1. Kevin Sours*

          I don’t have anything nearly that bad but my first job went like
          Them: “What experience do you have with Windows programming”
          Me: “None whatsoever”
          Them: Shuffling papers through intended programming questions and coming up blank.

          The thing is I manage to bomb the Windows questions in a way that showed I was at least moderately bright and inquisitive and demonstrated I knew the words SELECT and FROM in a era where that wasn’t a given. So they hired me.

          The bar for entry level developers isn’t always that high. You expect to have to train.

    2. Em*

      Oh nooooooo.

      I thought the interview I went to with my pants on backward (and I am, shall we say, callipygian, so the fit was VERY odd) was a good story. I stand corrected.

      1. The OG Sleepless*

        I bought a spiffy new outfit for a job interview. Got in the car and discovered the skirt was a well disguised wrap skirt. It fell open to just below crotch level. I spent the interview with my notebook firmly clamped on my lap.

    3. Squirrel Nutkin*

      Once interviewed for a student research job with a very runny nose and not enough social graces to excuse myself or ask for a kleenex. I was stunned when they later offered the job to me after what must have been a fairly disgusting interview experience for them.

  41. Moo*

    My manager was hiring for a second person for the position I was in. For the second round of interviews, the candidate had to job shadow with me for 30 minutes, then do the second interview questions with my manager. My manager would then ask for my opinion on the candidate.
    We had this one woman pass the first interview, then job shadow with me. She was actually with me for maybe 5 minutes total. She kept getting up to get a drink from our pop machine, take some snacks we have for customers, go to the bathroom, get some stuff from her car, etc. Then she did her second interview. My boss asked me and I told her I did not think that candidate would work out; that I didn’t even get to talk to her because she kept leaving! (My job is a glorified receptionist, you do need to actually be at the desk.)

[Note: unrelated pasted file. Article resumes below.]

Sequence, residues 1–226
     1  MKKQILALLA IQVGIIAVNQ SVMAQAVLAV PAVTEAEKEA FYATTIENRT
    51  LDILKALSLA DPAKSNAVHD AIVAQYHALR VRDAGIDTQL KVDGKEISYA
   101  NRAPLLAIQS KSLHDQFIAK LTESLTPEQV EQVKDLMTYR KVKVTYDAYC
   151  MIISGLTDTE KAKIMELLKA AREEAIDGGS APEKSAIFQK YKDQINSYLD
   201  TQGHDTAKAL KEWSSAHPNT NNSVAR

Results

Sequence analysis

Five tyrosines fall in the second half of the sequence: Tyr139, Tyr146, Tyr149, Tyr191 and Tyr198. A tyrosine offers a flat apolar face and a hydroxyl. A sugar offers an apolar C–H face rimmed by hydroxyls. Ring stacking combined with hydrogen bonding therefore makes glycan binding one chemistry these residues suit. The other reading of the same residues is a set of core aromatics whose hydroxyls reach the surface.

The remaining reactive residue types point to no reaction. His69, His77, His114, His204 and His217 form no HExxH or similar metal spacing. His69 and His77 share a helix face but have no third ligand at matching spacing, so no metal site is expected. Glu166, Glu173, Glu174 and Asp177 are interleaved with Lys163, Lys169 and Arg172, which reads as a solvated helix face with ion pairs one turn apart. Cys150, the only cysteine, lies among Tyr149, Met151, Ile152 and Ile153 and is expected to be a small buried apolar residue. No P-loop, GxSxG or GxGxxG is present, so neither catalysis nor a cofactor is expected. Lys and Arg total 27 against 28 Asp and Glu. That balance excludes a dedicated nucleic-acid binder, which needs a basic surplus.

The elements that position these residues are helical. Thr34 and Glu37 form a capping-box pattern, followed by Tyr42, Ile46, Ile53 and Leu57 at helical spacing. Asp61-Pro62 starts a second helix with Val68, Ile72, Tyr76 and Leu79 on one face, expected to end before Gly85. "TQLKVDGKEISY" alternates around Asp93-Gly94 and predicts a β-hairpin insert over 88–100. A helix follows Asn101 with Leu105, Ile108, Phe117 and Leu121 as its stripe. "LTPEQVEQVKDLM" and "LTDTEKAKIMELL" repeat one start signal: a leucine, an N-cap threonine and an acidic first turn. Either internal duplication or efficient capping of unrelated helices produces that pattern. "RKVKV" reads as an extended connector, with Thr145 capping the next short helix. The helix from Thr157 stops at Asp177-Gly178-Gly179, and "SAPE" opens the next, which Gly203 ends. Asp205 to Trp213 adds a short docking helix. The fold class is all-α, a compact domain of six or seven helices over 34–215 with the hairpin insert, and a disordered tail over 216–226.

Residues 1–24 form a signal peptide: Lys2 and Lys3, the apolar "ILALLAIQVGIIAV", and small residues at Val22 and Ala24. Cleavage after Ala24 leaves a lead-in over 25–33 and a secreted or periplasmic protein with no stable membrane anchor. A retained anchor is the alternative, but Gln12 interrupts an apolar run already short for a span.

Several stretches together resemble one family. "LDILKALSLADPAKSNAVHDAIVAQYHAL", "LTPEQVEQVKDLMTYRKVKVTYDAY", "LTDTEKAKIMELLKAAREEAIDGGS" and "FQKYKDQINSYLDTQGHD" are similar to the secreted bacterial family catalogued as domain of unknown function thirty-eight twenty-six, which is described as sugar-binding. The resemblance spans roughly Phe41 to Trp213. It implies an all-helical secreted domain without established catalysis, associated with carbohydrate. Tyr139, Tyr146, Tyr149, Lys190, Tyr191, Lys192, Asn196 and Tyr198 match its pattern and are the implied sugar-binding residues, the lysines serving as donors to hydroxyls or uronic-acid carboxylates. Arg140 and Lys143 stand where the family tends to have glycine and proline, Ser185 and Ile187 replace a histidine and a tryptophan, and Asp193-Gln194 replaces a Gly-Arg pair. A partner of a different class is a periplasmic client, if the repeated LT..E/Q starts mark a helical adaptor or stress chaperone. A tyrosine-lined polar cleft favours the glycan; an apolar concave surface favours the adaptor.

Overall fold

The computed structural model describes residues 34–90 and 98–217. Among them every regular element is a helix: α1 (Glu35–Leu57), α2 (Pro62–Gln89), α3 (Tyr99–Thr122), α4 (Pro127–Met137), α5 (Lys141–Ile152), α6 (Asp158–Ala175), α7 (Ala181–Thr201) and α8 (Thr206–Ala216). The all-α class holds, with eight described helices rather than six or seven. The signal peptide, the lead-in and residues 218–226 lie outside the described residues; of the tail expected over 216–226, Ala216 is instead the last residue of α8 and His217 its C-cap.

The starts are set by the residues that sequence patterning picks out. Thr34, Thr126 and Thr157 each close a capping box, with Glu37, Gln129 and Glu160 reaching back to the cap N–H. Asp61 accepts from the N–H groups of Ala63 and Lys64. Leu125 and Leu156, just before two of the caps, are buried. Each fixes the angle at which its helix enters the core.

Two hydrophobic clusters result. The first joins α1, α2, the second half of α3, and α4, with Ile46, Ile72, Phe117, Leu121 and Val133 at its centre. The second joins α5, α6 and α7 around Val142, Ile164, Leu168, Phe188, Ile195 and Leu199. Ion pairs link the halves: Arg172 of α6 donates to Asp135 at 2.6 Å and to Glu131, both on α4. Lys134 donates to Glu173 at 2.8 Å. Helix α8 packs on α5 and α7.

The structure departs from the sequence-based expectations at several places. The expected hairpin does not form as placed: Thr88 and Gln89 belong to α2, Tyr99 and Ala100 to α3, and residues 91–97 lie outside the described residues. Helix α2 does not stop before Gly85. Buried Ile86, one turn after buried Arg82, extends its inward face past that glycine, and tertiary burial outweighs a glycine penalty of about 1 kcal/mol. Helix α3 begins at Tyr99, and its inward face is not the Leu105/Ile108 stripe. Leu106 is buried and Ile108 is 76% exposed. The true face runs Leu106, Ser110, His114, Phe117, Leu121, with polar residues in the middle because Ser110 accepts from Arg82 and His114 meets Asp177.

She was hired. Spent the whole time trying to get me to do all of the work for her, schedule meetings for her, would just leave the desk and go watch TV in our customer area, ask other staff to answer the phone for her, the list goes on! She was eventually let go for it.
    I still rub it in my boss’s face sometimes that I told her so.

    1. Chirpy*

      If one of my managers had actually listened to the receptionist who immediately spotted how creepy this guy was when he came to interview, we could have avoided the whole “general creepiness escalating to openly playing with knives and death threats” situation…

      …then again, this manager also didn’t take multiple people’s concerns about the creepiness AND KNIVES seriously until the death threats started, so… at least the manager no longer works there either. The creepy guy wasn’t just garden-variety creepy, even in the early stages he was “creep alarm screams GET AWAY NOW AND MAKE SURE YOU’RE NOT FOLLOWED” type creepy.

  42. Claire*

    12. Oh no! That’s probably the best way to handle it though, just trying again tomorrow.
    13. Wow, good for him! Once I was onboarding for an internship and was told by the HR Director that it was very important that I never let anyone in the side entrance without a badge and that I should feel free to close the door in someone’s face if I felt they were trying to come in behind me without a badge. A fellow intern followed instructions very precisely one day, closing the door on a senior VP from another department and telling him she didn’t recognize him so he’d have to go around front and get a temporary badge from security. SVP did and called the HR director – to compliment her on her training of the interns and to pass along his thanks for following policy!

  43. Melanie Cavill*

    I have to assume #8 was a week-long con for unemployment insurance. The alternative (that someone really finds this behaviour professional and appropriate) is too implausible.

      1. Dotty*

        This happened in Pennsylvania. I don’t think there’s any minimum requirement for how long you stay at any one job – just a requirement that you had to have earned some minimum amount per week over some past number of weeks, and that you were terminated. If you strung together a bunch of short-term jobs and then manage to get somebody to fire you every so often, I guess you could make a highly annoying career out of that. I often wonder what ever became of him – maybe still out there somewhere playing world’s worst employee.

    1. Dotty*

      I wrote about #8, and yes that was my conclusion too. That’s probably exactly why/how he’d already had 20 jobs. He was successful in collecting unemployment, because the boss fired him instead of letting him stick out his 2 week notice period – and I think the guy knew exactly how to be useless and obnoxious enough to make that happen.

      1. starsaphire*